Attention Deficit Disorder


Children and young people often seem like they’re in their own little worlds, but when is their lack of attention a problem? Colleen Copelan, MD, a board-certified child, and adolescent psychiatrist, diagnoses attention deficit disorder (ADD) and offers personalized treatment at her practice in Camarillo, California. Call the office today to schedule a consultation if your child’s inattentiveness is interfering with their life.

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What is ADD?

Attention deficit disorder or ADD is a disabling, underdiagnosed condition that interferes with your child’s ability to focus or pay attention. ADD can interfere with your child’s confidence, social development, and academic success. When left untreated, the symptoms intensify and can persist into adulthood.
You might hear ADD and ADHD (attention-deficit hyperactivity disorder) used interchangeably. ADD doesn’t cause hyperactive behaviors, but is still disruptive to your child’s ability to thrive. 

Psychiatrists like Dr. Copelan usually diagnose ADD in children and adolescents, although young adults also have the condition. They might develop a new condition, or their symptoms might become more apparent later in life.

For example, a child might be able to cope with ADD during elementary and high school, but when they go to college with a less structured schedule, their coping mechanisms fail. 

What are the signs that my child has ADD?

ADD causes inattentive symptoms, including:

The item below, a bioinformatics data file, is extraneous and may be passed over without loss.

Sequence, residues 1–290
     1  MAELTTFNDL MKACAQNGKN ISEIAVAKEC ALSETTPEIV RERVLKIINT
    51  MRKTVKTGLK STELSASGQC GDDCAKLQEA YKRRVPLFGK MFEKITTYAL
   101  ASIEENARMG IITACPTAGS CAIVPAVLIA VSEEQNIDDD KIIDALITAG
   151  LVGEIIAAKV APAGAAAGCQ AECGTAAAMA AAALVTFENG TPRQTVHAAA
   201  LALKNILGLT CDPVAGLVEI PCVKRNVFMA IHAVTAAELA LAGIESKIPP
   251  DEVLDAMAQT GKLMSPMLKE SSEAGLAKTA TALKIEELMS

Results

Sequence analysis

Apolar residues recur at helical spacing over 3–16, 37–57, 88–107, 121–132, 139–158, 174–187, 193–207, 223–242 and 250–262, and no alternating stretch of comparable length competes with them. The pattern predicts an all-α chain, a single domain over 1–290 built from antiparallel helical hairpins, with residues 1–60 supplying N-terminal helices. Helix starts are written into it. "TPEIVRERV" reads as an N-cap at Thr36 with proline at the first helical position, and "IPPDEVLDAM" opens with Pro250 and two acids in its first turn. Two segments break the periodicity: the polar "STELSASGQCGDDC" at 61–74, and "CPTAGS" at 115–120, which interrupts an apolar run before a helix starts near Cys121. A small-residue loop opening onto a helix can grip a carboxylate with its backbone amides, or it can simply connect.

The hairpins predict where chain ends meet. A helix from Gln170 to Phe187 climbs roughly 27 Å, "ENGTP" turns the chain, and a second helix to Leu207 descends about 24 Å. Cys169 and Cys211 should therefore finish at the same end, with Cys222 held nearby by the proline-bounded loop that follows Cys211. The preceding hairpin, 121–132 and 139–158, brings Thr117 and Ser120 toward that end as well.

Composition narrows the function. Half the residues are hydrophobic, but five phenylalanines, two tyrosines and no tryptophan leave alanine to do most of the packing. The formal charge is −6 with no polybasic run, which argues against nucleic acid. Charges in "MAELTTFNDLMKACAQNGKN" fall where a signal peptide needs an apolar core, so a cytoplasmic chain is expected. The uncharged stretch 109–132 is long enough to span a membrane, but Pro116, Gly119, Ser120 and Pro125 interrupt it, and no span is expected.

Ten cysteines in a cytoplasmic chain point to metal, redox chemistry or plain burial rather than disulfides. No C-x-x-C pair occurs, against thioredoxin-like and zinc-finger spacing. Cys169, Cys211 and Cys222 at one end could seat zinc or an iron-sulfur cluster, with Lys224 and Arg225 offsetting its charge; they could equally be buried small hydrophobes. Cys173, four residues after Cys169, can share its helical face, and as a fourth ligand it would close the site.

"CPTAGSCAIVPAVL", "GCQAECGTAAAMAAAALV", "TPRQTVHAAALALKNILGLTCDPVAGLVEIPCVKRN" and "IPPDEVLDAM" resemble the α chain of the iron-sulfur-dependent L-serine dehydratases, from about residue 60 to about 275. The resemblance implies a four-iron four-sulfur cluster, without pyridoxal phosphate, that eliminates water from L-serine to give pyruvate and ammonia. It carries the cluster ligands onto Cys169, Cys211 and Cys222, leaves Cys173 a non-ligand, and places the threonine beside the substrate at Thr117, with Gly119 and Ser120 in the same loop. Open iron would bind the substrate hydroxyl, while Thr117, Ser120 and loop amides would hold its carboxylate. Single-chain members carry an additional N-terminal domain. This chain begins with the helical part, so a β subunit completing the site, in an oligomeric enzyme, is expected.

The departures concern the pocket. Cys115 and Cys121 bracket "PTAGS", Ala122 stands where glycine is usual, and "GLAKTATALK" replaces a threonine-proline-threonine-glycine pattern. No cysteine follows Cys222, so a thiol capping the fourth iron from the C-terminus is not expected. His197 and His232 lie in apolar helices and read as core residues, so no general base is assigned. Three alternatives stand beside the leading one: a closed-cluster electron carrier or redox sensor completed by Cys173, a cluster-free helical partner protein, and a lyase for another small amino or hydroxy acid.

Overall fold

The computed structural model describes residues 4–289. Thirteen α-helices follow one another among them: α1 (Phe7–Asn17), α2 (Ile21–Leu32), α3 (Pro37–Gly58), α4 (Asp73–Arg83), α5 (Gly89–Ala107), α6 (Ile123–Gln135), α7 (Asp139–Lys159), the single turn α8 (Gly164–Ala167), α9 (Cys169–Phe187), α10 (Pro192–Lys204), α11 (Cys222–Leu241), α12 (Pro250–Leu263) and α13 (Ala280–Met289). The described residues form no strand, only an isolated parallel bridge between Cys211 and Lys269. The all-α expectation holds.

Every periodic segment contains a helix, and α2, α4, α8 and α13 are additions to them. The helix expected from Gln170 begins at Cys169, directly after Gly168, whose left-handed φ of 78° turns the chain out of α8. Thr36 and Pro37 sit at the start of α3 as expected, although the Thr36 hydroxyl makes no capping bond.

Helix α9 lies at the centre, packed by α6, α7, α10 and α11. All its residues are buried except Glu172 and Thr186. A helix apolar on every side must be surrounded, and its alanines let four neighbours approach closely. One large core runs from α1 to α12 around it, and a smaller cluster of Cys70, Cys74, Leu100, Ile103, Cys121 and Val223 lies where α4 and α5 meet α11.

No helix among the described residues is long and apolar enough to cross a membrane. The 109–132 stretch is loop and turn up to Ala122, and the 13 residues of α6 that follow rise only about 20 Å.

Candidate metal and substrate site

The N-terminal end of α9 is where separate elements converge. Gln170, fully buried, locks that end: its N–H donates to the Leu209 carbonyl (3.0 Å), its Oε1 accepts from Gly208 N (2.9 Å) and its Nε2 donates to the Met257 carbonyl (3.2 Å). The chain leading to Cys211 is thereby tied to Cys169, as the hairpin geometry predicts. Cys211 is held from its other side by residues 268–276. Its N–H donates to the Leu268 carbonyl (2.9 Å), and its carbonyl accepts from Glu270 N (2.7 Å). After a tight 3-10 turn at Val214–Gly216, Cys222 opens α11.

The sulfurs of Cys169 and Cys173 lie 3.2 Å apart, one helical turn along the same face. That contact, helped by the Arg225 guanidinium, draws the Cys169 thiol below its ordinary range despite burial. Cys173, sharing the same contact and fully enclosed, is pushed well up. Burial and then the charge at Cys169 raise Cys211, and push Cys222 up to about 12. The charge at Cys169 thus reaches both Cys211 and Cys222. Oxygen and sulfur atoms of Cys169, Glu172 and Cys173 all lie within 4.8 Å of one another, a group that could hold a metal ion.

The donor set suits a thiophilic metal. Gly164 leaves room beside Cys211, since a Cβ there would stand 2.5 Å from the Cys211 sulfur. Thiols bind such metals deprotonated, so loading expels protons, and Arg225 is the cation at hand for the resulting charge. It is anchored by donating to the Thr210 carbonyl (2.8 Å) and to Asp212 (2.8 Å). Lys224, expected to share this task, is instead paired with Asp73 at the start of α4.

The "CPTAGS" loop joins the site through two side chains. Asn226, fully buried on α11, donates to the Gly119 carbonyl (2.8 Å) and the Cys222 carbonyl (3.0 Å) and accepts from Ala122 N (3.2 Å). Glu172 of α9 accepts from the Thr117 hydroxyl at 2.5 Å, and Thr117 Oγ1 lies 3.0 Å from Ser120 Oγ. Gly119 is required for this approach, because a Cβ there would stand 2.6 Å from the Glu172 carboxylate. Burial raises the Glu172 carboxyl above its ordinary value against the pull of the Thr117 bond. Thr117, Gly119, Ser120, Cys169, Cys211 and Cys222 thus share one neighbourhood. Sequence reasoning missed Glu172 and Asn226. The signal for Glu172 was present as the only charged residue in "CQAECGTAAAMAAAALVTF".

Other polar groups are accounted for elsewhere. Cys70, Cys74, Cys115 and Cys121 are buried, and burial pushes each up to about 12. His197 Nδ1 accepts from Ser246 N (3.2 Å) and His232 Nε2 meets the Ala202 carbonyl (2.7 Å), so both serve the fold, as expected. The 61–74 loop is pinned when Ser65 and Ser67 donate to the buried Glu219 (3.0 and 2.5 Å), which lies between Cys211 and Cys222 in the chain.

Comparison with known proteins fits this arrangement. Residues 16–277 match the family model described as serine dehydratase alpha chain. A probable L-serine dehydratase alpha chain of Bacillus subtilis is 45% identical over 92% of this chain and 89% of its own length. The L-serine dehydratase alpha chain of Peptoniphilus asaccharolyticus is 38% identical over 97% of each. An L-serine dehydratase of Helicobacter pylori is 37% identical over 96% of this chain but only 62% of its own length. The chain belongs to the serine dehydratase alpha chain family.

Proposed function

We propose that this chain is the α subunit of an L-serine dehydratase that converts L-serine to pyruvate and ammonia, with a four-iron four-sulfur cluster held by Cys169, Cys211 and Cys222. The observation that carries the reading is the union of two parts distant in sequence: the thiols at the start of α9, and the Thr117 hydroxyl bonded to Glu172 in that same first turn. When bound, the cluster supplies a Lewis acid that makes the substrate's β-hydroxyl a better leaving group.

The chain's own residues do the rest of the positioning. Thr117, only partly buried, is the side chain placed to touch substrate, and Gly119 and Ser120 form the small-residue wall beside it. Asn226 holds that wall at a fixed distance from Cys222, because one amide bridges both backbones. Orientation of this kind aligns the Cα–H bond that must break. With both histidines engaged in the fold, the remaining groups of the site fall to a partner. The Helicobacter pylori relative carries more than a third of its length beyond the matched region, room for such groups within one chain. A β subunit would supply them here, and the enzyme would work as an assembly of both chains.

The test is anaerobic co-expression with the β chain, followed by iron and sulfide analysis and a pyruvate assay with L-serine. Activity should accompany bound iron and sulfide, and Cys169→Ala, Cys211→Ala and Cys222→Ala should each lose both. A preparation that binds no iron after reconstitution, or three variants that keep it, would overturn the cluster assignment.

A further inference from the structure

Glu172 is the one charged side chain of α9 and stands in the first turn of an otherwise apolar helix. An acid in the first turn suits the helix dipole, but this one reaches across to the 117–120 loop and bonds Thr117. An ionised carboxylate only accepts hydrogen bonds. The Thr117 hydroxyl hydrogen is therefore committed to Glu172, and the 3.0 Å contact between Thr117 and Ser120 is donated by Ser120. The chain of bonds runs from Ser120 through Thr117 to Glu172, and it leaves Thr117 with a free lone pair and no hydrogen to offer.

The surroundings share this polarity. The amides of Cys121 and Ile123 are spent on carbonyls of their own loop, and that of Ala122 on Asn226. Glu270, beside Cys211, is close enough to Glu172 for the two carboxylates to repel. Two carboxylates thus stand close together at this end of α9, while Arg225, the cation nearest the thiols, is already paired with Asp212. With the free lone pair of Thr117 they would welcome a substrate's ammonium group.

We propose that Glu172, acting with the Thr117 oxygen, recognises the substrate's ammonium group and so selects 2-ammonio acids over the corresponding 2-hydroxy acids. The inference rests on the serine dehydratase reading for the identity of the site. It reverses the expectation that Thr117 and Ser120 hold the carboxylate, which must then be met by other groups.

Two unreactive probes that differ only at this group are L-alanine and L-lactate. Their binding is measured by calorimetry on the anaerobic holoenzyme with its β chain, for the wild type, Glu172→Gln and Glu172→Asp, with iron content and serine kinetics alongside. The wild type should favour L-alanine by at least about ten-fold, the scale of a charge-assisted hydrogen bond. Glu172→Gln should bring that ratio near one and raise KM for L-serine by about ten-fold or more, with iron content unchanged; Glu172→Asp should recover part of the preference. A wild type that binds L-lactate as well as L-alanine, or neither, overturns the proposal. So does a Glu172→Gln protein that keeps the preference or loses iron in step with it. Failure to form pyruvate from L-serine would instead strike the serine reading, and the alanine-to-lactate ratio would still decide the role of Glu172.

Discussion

Easily distractible

Forgetful or absentminded

Poor attention to detail

Struggles to follow instructions

Poor time management

Poor organization

Doesn’t finish schoolwork or chores

Avoids tasks that require sustained mental effort

Misplaces items like homework, shoes, or sport uniforms

ADD symptoms range in severity, and your child might not have the same symptoms as one of their peers or siblings.

ADD can lead to other mental health conditions, including depression, anxiety, and substance abuse. When untreated, ADD can interfere with your child’s ability to succeed academically and socially, limiting their potential.

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When should I talk to a doctor about my child’s ADD symptoms?

Some children are dreamy or easily distracted. However, if their inattentiveness interferes with their lives, it’s time to seek help.

For example, if your child’s grades decline or they withdraw from their friends, these behavioral changes could indicate an issue. Your child might also become reluctant to go to school or recreational and social activities.

How do you treat ADD?

Dr. Copelan begins with a comprehensive assessment of your child’s mental, emotional, and physical health, screening for ADD symptoms. Following your child’s diagnosis, Dr. Copelan creates a treatment plan to help your child. She often combines medicine, therapy, and lifestyle modifications to relieve and control ADD.
Medication can regulate your child’s brain chemistry and relieve their symptoms. Then, during therapy, they practice techniques to improve their focus and stay on task. They also learn organizational and time management skills.

Your child might also benefit from setting a structured routine, with time set aside for different activities. Dietary adjustments and daily physical activity also often help relieve symptoms and enhance your child’s overall health.

Call Colleen Copelan, MD, today if your child has ADD symptoms that interfere with their quality of life.